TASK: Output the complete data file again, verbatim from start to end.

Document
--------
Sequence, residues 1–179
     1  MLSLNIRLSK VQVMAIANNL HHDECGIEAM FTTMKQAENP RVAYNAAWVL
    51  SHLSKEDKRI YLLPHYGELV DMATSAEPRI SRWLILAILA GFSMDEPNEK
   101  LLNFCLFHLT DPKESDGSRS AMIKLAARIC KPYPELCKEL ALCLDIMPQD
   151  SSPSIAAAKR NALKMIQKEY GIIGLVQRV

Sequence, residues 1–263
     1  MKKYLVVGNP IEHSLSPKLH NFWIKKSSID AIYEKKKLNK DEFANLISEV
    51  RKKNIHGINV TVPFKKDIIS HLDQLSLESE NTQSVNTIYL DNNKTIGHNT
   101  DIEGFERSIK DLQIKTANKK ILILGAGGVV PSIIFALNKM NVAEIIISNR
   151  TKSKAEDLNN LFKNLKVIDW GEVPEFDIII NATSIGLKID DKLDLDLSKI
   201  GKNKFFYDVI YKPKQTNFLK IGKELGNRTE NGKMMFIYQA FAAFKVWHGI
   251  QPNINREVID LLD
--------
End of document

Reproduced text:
Sequence, residues 1–179
     1  MLSLNIRLSK VQVMAIANNL HHDECGIEAM FTTMKQAENP RVAYNAAWVL
    51  SHLSKEDKRI YLLPHYGELV DMATSAEPRI SRWLILAILA GFSMDEPNEK
   101  LLNFCLFHLT DPKESDGSRS AMIKLAARIC KPYPELCKEL ALCLDIMPQD
   151  SSPSIAAAKR NALKMIQKEY GIIGLVQRV

Sequence, residues 1–263
     1  MKKYLVVGNP IEHSLSPKLH NFWIKKSSID AIYEKKKLNK DEFANLISEV
    51  RKKNIHGINV TVPFKKDIIS HLDQLSLESE NTQSVNTIYL DNNKTIGHNT
   101  DIEGFERSIK DLQIKTANKK ILILGAGGVV PSIIFALNKM NVAEIIISNR
   151  TKSKAEDLNN LFKNLKVIDW GEVPEFDIII NATSIGLKID DKLDLDLSKI
   201  GKNKFFYDVI YKPKQTNFLK IGKELGNRTE NGKMMFIYQA FAAFKVWHGI
   251  QPNINREVID LLD